Filipino activists denounced China's coast guard on Tuesday for turning water cannon on Philippine fishing boats in disputed waters, near where hundreds of Filipino and American Marines landed on a beach in a mock assault.     The presidential palace in Manila said China's coast guard used water cannon on Monday to drive away a group of Filipino fishermen at Scarborough Shoal, damaging some of their wooden boats. Chinese ships rammed a fishing boat in the area a few months back. China in …

  • Pacmania sweeps Philippines ahead of Mayweather clash
    Pacmania sweeps Philippines ahead of Mayweather clash

    Manny Pacquiao's face is on shirts, dolls and postage stamps, his life story is playing in movie houses and millions are getting ready to party as the Philippine boxing hero's "fight of the century" nears. Pacmania is sweeping the Southeast Asian nation of 100 million people ahead of the May 2 Las Vegas bout against unbeaten Floyd Mayweather to decide who is the best boxer of their generation. Of course, it's the fight of the century," Manila film producer Lucky Blanco told AFP. …

  • Ex-Cavite governor gets PCSO top post
    Ex-Cavite governor gets PCSO top post

    After nearly a year, President Aquino finally made good his promise to a long-time ally – former Cavite governor and congressman Erineo Maliksi – to head the Philippine Charity Sweepstakes Office (PCSO), replacing Margarita Juico who resigned in May 2014. Maliksi must be officially elected by the PCSO board members as their chairman. Prior to his appointment to the PCSO, Maliksi faced graft charges before the Sandiganbayan in connection with the alleged illegal purchase of P2.5 million worth …

  • US, Phl military exercises to focus on sea defense
    US, Phl military exercises to focus on sea defense

    A massive deployment of aircraft, personnel and warships characterizes this year’s Balikatan between the two allies, which war games were launched 30 years ago. Commander Lued Lincuna, Philippine Navy public affairs chief, said the Marine Battalion Landing Team-4 (MBLT-4) will link  up with the US 3rd Marine Expeditionary Force. …

  • P-Noy seeking united Asean stand on China
    P-Noy seeking united Asean stand on China

    With China’s actions threatening to “considerably alter the way of doing business globally,” President Aquino will ask the Association of Southeast Asian Nations (ASEAN) to take a united stand against Beijing’s massive reclamation activities and other provocative acts in the West Philippine Sea and South China Sea. Aquino will raise the appeal to his ASEAN counterparts when they meet on April 27-28 in Kuala Lumpur and Langkawi in Malaysia. Beijing reacted immediately to the plan, saying the …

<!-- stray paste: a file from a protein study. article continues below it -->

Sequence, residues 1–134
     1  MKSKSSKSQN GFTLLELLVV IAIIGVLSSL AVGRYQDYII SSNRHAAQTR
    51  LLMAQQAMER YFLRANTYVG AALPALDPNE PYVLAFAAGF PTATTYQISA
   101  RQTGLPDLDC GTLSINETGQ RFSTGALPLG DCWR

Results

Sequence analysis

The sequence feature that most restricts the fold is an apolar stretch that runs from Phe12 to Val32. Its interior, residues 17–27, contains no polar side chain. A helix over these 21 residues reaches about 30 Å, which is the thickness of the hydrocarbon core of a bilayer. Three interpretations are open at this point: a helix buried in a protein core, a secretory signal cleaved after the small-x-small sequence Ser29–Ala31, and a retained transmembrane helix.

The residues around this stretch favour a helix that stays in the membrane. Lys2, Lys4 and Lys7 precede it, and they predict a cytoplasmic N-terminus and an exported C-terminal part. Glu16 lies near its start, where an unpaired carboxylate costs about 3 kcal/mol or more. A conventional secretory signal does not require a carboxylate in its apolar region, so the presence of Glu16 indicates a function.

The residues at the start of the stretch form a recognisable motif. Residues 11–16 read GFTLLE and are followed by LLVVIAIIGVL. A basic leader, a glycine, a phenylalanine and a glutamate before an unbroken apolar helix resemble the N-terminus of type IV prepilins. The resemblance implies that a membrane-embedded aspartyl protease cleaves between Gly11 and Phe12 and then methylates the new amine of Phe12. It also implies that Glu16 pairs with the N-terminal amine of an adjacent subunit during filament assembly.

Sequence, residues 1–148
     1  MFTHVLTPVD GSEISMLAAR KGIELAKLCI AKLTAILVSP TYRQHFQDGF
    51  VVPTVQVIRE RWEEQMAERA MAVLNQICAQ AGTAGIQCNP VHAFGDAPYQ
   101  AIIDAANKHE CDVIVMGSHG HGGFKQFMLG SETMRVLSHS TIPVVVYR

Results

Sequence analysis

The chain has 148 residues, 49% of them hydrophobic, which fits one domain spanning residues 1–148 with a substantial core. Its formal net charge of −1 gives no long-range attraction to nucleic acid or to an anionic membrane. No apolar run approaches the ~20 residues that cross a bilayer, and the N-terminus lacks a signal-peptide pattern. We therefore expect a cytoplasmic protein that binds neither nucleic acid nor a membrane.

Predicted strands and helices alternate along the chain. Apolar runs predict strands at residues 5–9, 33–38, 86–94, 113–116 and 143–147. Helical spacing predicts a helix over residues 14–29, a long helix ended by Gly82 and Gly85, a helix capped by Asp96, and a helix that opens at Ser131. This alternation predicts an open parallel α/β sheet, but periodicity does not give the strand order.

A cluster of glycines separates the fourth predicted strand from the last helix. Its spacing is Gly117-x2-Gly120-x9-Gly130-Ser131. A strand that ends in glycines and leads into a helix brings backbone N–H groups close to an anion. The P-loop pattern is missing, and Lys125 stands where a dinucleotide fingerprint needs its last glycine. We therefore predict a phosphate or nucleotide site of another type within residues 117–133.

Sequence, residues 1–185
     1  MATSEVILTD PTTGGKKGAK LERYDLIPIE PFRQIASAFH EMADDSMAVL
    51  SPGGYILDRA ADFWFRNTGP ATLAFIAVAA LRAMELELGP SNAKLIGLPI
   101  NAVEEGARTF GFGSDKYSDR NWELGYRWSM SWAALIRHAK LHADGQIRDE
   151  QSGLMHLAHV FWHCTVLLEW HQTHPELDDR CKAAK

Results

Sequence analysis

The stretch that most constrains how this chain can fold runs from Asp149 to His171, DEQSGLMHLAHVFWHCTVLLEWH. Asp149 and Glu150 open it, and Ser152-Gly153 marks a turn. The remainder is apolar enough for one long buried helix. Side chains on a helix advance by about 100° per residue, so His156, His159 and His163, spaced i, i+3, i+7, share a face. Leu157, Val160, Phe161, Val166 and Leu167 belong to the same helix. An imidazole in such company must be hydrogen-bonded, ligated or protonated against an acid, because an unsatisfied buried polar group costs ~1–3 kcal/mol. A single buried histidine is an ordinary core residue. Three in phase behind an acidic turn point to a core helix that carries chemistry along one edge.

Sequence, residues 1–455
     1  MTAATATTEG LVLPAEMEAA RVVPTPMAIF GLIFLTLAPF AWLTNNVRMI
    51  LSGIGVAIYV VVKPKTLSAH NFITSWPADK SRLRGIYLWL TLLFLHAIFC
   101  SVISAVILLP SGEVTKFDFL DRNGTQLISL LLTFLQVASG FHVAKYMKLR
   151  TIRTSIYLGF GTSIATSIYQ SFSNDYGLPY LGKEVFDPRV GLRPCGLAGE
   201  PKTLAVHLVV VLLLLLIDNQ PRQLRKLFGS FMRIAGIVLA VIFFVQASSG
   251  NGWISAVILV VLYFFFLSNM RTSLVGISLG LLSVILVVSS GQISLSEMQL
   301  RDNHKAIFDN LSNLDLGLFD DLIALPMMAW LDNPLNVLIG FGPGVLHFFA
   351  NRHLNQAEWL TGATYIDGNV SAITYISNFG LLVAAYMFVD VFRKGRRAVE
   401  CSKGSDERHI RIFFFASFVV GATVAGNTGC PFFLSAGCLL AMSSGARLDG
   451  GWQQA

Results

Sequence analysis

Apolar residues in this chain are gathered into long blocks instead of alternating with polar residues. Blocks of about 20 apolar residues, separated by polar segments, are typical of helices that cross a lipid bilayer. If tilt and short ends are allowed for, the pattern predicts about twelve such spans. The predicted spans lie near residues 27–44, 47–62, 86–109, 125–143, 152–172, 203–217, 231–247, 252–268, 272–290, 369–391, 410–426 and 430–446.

• OIC exec backs BBL, says passage to end extremism
    OIC exec backs BBL, says passage to end extremism

    The Organization of Islamic Cooperation (OIC) yesterday backed the proposed Bangsamoro Basic Law (BBL), warning that failure to see the peace process through with the Moro Islamic Liberation Front (MILF) could open the door to extremism. OIC secretary-general Iyad Bin Amin Madani, who is in the country to rally support for the peace process and the BBL, told reporters at the Senate yesterday that the Philippines should not waste the opportunity to attain lasting peace in Mindanao, especially …

  • Senate plan to probe corruption in judiciary opposed
    Senate plan to probe corruption in judiciary opposed

    The head of the Integrated Bar of the Philippines (IBP) is opposing the plan of the Senate to investigate alleged “justice for sale” in the judiciary. In an interview yesterday, IBP national president Vicente Joyas contested the pronouncement of Senate President Franklin Drilon that the Senate Blue Ribbon committee can probe the reported corruption in the judiciary, as it remains part of the scope of the Senate’s investigative power. “The plan of the Senate to push through with the …

  • PNP: Floyd camp charging P.2 M for pay-per-view
    PNP: Floyd camp charging P.2 M for pay-per-view

    The camp of Floyd Mayweather is reportedly charging the Philippine National Police P200,000 for a pay-per-view deal of his fight with Manny Pacquiao, a PNP official said yesterday. Director Danilo Constantino, the PNP’s Chief Directorial Staff, said the cost of the pay-per-view for the fight makes it difficult for the PNP to sponsor the free viewing for its personnel and their dependents at Camp Crame’s multi-purpose center. “We are currently negotiating for the pay-per-view and we ever …

POLL

Should Aquino be held accountable over the Mamasapano operations?

Loading...
Poll Choice Options